On the weekend that President Trump announced his travel ban, Alec Baldwin, 58, tweeted “when I travel back to the US, I hope they have a box for me to check that reads "Muslim Irish Catholic."

Irish Catholic he certainly is, of the Long Island kind, Massapequa on the south shore to be exact, the sixth most Irish town in New York state according to a 2015 survey.

Lots of famous Irish Americans share the Long Island Irish experience, including film director Ed Burns and TV hosts Sean Hannity and Bill O’Reilly.

The Long Island Irish experience featured large families, suburban sprawl, God, country, and JFK-loving parents back before Reagan grabbed them.

when I travel back to the US, I hope they have a box for me to check that reads "Muslim Irish Catholic."

— ABFoundation (@ABFalecbaldwin) January 29, 2017

Long Island is a hot-bed of such Irish. Political differences apart, Bill O'Reilly, Sean Hannity, Baldwin, and Burns all call Long Island home and share the same working class roots and gritty Irish endurance. Though Baldwin, of course, would not thank you for the comparison to O'Reilly and Hannity, they are all up from the bootstraps men.

Born not far away, twelve years earlier, was a man called Donald Trump, a Queens native who grew up in a mansion.

If Trump slumps he can lay some of the blame on his nearly neighbor from Long Island. Baldwin’s devastating put downs of Trump have become the force majeure of the campaign against him (who can forget “SIRI how do I defeat ISIS?”). Until Melissa McCarthy began savaging Sean Spicer, Trump's Press Secretary, Baldwin was pretty much holding the fort alone, tossing flaming arrows over the parapet every weekend on SNL. The new president did not like it one bit.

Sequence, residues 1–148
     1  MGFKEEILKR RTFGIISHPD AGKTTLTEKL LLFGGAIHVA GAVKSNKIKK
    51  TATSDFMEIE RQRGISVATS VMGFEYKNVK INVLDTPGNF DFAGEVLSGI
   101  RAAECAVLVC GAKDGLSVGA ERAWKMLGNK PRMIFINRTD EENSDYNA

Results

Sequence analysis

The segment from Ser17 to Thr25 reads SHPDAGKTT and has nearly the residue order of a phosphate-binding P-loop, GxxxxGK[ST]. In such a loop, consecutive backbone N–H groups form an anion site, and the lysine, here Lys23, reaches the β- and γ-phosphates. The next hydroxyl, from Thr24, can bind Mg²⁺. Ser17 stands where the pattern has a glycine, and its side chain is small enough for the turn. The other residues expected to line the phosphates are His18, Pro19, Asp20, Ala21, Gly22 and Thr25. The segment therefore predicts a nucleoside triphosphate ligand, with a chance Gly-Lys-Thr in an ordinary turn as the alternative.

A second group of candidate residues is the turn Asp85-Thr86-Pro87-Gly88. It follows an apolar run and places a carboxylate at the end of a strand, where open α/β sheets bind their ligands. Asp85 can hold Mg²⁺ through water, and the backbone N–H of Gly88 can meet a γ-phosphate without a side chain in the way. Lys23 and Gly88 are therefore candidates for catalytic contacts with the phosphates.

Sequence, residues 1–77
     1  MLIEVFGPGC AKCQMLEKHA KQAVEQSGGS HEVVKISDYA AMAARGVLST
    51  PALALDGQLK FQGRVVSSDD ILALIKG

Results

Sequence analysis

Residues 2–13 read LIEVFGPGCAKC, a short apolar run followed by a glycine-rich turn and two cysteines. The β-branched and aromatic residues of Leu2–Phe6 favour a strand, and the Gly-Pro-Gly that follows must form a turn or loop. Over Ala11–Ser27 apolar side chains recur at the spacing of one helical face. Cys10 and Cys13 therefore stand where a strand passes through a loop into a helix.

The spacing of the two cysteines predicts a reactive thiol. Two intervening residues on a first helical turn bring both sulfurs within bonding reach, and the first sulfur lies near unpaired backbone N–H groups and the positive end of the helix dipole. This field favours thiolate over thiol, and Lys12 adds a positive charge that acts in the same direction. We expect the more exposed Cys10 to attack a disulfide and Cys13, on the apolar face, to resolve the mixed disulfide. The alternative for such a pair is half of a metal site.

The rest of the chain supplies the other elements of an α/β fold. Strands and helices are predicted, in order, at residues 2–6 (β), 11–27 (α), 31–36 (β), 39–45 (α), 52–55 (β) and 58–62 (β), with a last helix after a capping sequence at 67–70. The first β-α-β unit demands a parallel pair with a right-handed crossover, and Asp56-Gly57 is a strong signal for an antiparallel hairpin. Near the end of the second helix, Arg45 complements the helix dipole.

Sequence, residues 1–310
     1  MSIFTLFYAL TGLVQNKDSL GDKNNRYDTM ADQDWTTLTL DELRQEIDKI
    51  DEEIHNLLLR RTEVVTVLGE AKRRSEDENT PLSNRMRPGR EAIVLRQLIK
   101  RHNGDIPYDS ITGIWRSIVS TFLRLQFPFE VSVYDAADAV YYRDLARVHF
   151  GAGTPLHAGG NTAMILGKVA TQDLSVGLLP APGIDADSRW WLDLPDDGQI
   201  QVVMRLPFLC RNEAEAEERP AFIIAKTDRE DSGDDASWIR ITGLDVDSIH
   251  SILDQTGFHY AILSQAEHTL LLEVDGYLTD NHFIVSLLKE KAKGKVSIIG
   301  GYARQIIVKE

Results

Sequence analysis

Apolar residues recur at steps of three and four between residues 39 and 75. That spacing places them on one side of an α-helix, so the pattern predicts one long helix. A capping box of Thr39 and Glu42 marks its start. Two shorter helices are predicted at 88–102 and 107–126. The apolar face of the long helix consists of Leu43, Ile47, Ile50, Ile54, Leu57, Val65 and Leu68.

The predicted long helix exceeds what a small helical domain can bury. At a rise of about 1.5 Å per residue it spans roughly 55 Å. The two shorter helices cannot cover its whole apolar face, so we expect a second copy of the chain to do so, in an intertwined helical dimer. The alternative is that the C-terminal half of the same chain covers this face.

The name Baldwin descends from Norman settlers in Ireland and it is said to mean, “brave, bold,” though another interpretation says it means “wine drinker.” We’re sure neither description would bother Alec.

Alexander Rae “Alec” Baldwin is a man used to fame. The 58-year-old actor is an Emmy Award-winning performer, but his most recent role as Donald Trump on "Saturday Night Live" has propelled him into the political spotlight in a way few actors experience. 

The Irish American’s weekly skit skewering the new administration is now compulsory viewing for political journalists, Washington insiders and bleeding heart liberals alike. The show has cemented its place in the national conversation with no rival even coming close to its influence.

The most recent clip, which parodied President Trump’s legal troubles with his travel ban, has 9 million YouTube hits alone and sketches about his debates with Hillary Clinton clocked up over 20 million.

Their reach even extends as far as the Oval Office. The Washington Post reported Trump to be particularly hurt by SNL’s portrayal of his Chief Strategist Steve Bannon as the real president and has lashed out on Twitter after several of Baldwin’s performances.

.@NBCNews is bad but Saturday Night Live is the worst of NBC. Not funny, cast is terrible, always a complete hit job. Really bad television!

— Donald J. Trump (@realDonaldTrump) January 15, 2017